Going through a lot of stress impacts the quality of sleep you get come bedtime. Sometimes the mind simply does not shut down so that you
can finally fall asleep. Often, the stress can even wake you up several times through the night.
If you have been going through this yourself, you would know first-hand how frustrating this situation is, and how it can negatively affect
your day AND your health.
Why does it happen when you are stressed? What can you do to reduce your stress and be able to get a good night’s sleep? We must first
take a look at how sleep patterns work in order to fully understand the effects of stress.
Circadian Rhythm: Cortisol and Melatonin
We all have a built-in body clock, and it is called the circadian rhythm. It is the several different mental and physical phases we undergo,
as the day and night cycles through. The body releases two major hormones that controls this rhythm – Cortisol and melatonin.
As the day breaks, the body will start producing stimulating hormones called Cortisol, and the brightness
will wake you up so you can start your day. Cortisol is at its peak levels in the morning, and gradually decreases as the evening comes. And
as the sun sets and darkness comes, the body starts releasing Melatonin, the sleep-promoting hormone. As you can already guess, it is at its
peak levels during the night to help you get to sleep. It wanes as the morning comes and Cortisol starts going up again.
This cycle — or rhythm — can become disrupted. The two hormones become imbalanced. Cortisol may be peaking at the end of the day
instead of in the morning, causing you to feel alert and wired during the night, and tired in the morning. Or Melatonin may be quite low,
causing poor sleep quality, and consequently, making you feel sluggish or tired in the morning.
This could be due to various several reasons for most people. And the biggest trigger for this imbalance is… stress!
The Higher the Stress Levels, The Greater the Released Stress Hormone
When the body is stressed, it causes a fight-or-flight response to act up within the sympathetic nervous system. This system is responsible
for releasing adrenaline, the stress hormone, and more cortisol so that you stay alert, ready to deal with the stressor.
This is highly useful when actually needed. It is the human body’s survival instinct. However, when tremendously stressed, the body
pumps out more of these stress hormones. This largely impacts the circadian rhythm, throwing it off balance. Melatonin production is then
affected as the night comes, resulting to poor sleep.
There’s A Natural Way to Help!
If you feel that your circadian rhythm is out of whack due to high stress levels, here are some tips that could help you get back your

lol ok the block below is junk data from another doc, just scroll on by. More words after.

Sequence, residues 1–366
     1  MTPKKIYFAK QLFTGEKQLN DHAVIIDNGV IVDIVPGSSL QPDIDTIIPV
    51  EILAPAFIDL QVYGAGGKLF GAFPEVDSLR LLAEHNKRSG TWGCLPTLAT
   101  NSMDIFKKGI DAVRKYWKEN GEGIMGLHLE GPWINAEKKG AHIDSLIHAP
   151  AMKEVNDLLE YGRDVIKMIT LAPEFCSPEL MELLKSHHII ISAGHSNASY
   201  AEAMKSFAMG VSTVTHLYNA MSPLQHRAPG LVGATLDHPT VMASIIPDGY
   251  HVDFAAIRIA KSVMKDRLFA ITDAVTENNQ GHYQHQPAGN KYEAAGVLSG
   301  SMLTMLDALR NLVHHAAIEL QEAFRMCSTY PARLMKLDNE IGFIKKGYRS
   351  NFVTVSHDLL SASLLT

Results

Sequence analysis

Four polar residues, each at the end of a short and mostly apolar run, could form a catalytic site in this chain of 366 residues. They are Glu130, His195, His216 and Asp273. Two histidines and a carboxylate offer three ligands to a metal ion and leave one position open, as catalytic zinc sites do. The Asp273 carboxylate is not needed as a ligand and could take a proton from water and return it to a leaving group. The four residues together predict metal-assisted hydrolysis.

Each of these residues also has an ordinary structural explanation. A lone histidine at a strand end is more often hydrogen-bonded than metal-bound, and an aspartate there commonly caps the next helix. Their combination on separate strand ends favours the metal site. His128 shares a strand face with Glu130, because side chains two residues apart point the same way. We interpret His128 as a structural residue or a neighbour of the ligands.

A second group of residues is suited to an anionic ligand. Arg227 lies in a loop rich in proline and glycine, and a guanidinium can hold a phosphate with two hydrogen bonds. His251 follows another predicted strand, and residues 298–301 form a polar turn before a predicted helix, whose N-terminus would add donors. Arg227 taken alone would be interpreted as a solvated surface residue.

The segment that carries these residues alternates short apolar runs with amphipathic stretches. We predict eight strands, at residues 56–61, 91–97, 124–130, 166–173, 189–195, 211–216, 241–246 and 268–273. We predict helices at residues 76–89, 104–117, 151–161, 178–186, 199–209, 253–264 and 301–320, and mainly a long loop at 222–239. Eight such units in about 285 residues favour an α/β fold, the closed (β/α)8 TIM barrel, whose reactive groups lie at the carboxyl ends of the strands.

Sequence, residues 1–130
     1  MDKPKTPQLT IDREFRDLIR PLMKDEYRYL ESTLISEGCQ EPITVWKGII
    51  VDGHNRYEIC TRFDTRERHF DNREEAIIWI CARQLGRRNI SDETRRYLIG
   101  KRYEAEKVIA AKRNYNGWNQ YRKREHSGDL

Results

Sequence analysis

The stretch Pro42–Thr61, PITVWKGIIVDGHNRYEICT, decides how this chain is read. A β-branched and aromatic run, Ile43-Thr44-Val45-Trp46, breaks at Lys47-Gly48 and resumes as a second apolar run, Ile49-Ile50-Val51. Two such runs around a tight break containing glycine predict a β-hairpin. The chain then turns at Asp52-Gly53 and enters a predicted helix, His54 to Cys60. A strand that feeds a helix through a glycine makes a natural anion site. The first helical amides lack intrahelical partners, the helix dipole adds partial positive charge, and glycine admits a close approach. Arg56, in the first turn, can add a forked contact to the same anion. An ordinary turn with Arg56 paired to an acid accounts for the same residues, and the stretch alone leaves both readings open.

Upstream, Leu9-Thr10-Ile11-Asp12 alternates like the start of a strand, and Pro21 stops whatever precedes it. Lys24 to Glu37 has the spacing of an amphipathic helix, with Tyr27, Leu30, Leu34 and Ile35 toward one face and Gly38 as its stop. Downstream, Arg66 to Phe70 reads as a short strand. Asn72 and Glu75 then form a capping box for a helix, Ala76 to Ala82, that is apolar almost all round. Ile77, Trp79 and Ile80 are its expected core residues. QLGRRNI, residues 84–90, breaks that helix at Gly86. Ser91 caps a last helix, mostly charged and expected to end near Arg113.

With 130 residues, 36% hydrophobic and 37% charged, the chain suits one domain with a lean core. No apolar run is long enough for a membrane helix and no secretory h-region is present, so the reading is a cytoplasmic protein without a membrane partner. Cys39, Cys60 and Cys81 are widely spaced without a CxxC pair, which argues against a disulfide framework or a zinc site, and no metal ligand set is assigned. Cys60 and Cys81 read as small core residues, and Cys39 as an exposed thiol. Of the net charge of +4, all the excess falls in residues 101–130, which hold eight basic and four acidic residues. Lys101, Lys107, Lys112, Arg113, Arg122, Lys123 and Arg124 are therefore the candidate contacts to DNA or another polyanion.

A vital mineral that reduces cortisol and increases melatonin levels and relaxes the muscles, essential to a restorative and healing sleep.
A herbal medicine famous for its anxiolytic and sedating effects that helps calm the mind and body. If you are struggling to fall asleep,
take some lavender 30 to 60 minutes before going to bed. If you have trouble staying asleep, take it as you go to bed.
A potent herb that is used to help reduce anxiety. It is best for when you had a stressful day or event that has you feeling anxious. It
decreases stress hormones, calming your mind and body, and helps you to fall asleep easily.
An herb that works to increase GABA (Gamma-amino butyric acid), the body’s main mood soothing neurotransmitter. It also helps to feel
calm and relaxed as you start to wind down after a long tiring day.
5. Mindfulness Meditation
You may use guided meditations and breathing exercises. Do this 30 to 60 minutes before bedtime.
Writing down what you went through during the day, what you were worried about, what caused your stress, is likened to transferring your
troubled thoughts onto paper to get that weight off your chest, even just for the night. This allows your mind to wind down, and may help
you fall asleep faster and easier.
Final Words On Sleep and Stress
The circadian rhythm is our body’s way of getting us going throughout the day, and feeling sleepy at night in time for sleep. This
helps us to have a productive day, and a restorative sleep during the night. Going through a stressful event can begin to disrupt the
body’s natural clock, causing an imbalance in the hormones that assists in the rhythm.
Stressors are certainly everywhere and feeling stressed is a normal part of life. It is all up to us to find what will help keep the balance
to ensure quality sleep. Talk to a Practitioner who can work with you to address the stress and give you the
support that you need to make peaceful, quality slumber part of your normal way of life.
Meanwhile, here are more do’s and don’t’s for better sleep.